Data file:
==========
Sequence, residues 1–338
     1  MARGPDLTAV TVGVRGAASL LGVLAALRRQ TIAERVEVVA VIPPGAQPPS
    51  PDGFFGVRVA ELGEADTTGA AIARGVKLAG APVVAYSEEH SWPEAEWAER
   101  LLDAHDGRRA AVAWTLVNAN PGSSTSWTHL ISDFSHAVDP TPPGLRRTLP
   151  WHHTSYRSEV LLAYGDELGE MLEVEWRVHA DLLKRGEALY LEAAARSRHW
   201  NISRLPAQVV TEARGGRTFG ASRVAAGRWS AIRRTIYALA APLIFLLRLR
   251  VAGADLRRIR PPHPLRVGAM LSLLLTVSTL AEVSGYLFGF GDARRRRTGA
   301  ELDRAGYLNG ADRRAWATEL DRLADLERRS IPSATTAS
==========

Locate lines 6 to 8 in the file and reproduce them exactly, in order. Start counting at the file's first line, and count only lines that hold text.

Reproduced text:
   201  NISRLPAQVV TEARGGRTFG ASRVAAGRWS AIRRTIYALA APLIFLLRLR
   251  VAGADLRRIR PPHPLRVGAM LSLLLTVSTL AEVSGYLFGF GDARRRRTGA
   301  ELDRAGYLNG ADRRAWATEL DRLADLERRS IPSATTAS